One striking proposal about what should follow the extraordinary defeat of the government’s Brexit withdrawal agreement is that the House of Commons should take control of the process. Can that happen? If so how? And would it damage the UK’s system of government?
Can it happen?
Brexit is not one but two things: international negotiations with the other 27 members of the EU and domestic decisions about UK law. We need to think about them separately.
Seizing control of international negotiations
In early 1649, following the execution of Charles Stuart, the Commons proceeded to reconstruct England’s institutions. On 13 February, it established a Council of State, giving it powers, among other things, ‘to advise, order, and direct concerning the entertaining, keeping, renewing or settling of amity, and a good correspondency, with foreign kingdoms and states’, that is, in modern terms, to conduct foreign policy.
Could the Commons act in a similar way now, appointing commissioners to negotiate with the EU? The answer is not without passing legislation to give itself that power.
The problem is that the power to conduct foreign policy is not the Commons’ to delegate. It lost it to the Lord Protector in 1653 under the Instrument of Government and then, as part of the Restoration of 1660, the power returned to the King, with whom, formally, it has stayed ever since. Foreign policy is now conducted by ministers using the Royal Prerogative. Only legislation can transfer or abolish prerogative powers.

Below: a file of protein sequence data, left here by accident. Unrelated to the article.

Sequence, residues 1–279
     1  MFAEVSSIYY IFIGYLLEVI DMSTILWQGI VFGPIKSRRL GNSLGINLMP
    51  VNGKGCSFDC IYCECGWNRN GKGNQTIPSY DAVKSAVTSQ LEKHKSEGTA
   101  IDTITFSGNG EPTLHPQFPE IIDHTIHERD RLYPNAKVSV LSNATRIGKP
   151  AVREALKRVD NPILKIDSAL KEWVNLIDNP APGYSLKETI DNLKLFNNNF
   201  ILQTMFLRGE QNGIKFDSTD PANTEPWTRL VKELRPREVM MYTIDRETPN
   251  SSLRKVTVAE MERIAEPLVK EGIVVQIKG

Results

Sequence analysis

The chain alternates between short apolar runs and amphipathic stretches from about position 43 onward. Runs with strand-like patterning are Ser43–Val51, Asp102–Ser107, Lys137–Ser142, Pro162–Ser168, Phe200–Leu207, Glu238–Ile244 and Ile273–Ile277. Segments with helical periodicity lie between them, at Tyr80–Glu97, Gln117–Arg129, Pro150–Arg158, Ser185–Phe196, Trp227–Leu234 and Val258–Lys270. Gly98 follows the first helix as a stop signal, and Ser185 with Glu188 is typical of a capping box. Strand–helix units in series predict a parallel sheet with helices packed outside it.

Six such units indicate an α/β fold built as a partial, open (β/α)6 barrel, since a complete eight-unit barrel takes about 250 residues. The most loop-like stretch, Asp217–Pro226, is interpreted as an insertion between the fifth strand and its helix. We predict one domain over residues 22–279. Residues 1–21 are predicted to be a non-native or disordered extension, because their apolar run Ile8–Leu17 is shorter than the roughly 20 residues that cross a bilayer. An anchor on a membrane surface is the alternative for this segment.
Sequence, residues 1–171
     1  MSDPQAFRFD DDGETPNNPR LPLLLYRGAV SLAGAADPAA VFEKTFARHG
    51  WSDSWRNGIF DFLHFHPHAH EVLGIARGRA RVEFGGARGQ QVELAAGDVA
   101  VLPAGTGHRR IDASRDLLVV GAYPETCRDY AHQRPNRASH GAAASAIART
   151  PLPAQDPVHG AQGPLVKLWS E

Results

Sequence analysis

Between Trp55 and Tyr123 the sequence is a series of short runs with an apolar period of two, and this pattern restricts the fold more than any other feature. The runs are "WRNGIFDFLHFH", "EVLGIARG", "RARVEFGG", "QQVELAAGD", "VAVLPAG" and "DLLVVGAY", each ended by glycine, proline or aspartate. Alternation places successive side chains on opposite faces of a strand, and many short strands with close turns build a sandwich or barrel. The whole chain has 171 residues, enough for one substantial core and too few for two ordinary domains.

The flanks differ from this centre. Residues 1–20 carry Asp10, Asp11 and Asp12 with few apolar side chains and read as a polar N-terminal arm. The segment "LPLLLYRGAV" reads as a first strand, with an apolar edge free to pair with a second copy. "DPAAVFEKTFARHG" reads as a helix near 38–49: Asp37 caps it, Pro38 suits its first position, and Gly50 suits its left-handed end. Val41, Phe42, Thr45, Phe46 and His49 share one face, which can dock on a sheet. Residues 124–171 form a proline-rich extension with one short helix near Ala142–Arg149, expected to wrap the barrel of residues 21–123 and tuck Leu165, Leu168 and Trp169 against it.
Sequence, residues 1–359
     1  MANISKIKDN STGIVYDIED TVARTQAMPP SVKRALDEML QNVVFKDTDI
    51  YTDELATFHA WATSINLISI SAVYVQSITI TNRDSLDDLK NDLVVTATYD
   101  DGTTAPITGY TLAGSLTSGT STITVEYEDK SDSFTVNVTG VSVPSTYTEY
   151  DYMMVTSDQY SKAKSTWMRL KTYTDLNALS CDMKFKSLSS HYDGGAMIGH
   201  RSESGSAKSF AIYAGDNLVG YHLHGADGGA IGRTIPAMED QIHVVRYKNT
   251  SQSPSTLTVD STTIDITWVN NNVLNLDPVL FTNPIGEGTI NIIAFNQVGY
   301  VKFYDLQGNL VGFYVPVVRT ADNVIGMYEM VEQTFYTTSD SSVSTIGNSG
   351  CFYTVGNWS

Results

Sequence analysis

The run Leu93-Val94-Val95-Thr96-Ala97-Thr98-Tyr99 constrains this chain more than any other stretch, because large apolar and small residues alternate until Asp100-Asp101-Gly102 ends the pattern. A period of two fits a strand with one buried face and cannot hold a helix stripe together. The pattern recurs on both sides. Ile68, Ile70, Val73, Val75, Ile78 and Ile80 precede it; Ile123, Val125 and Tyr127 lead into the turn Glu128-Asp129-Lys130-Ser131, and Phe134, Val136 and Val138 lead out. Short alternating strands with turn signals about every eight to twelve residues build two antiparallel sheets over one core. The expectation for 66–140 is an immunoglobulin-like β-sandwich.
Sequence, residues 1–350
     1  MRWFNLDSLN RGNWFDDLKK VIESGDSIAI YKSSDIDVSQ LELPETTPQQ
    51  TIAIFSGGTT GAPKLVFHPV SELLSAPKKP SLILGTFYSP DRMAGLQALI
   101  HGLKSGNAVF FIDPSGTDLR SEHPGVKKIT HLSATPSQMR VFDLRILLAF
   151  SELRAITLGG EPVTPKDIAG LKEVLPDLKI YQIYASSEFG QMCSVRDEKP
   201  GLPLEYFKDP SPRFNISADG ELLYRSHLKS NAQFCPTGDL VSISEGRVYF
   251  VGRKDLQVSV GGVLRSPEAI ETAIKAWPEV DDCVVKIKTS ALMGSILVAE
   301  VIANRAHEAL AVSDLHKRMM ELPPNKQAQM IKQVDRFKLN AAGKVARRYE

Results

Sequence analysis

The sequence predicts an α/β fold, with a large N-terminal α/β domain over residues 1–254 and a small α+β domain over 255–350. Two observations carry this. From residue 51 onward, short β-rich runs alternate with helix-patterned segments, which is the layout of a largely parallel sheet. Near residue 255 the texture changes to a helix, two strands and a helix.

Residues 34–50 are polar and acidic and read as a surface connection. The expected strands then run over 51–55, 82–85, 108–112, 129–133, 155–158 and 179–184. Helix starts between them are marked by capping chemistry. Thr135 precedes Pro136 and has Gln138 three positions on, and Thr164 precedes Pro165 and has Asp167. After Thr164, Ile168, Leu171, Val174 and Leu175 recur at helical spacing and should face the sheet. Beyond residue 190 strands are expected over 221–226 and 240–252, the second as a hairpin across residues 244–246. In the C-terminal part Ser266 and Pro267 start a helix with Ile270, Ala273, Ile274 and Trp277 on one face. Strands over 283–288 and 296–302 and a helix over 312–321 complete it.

It is also difficult for the Commons to instruct ministers about how they should conduct international negotiations, for example to require them to ask for an extension to the Article 50 deadline.
The power to negotiate belongs to ministers not to the Commons. But it is possible: Parliament can change the situation through legislation or by threatening ministers with contempt of parliament proceedings (ultimately with expulsion from the House) if they defy the Commons’ will.
Seizing control of domestic policy-making
Seizing control the domestic law-making process is also difficult but possible. The barrier the Commons faces is that its rules give the government, even a minority government, enormous power over the Commons’ agenda.
Standing Order 14(1) gives government business precedence at every sitting, with exceptions only of a few days for easily blocked private members’ bills, and for opposition and back-bench business days whose timing lies in the hands of the government. The rules can be changed by a simple majority vote, but the problem is getting a proposal for a rule change onto the agenda.
Contempt proceedings are an exception to government control of the agenda. They were a live possibility if Mrs May had pulled the Withdrawal Agreement vote for a second time, since she might have been accused of misleading the House.
But to give ministers instructions under threat of contempt needs the Commons first to have resolved to give those instructions. Doing that faces the same agenda control problem as legislating.
The only opportunity likely to present itself in the short term is the motion in neutral terms required by s.13 of the European Union (Withdrawal) Act consequent on the government’s defeat on the Withdrawal Agreement. As a result of Dominic Grieve’s successful amendments to government business motions, that motion is amendable and must be tabled soon.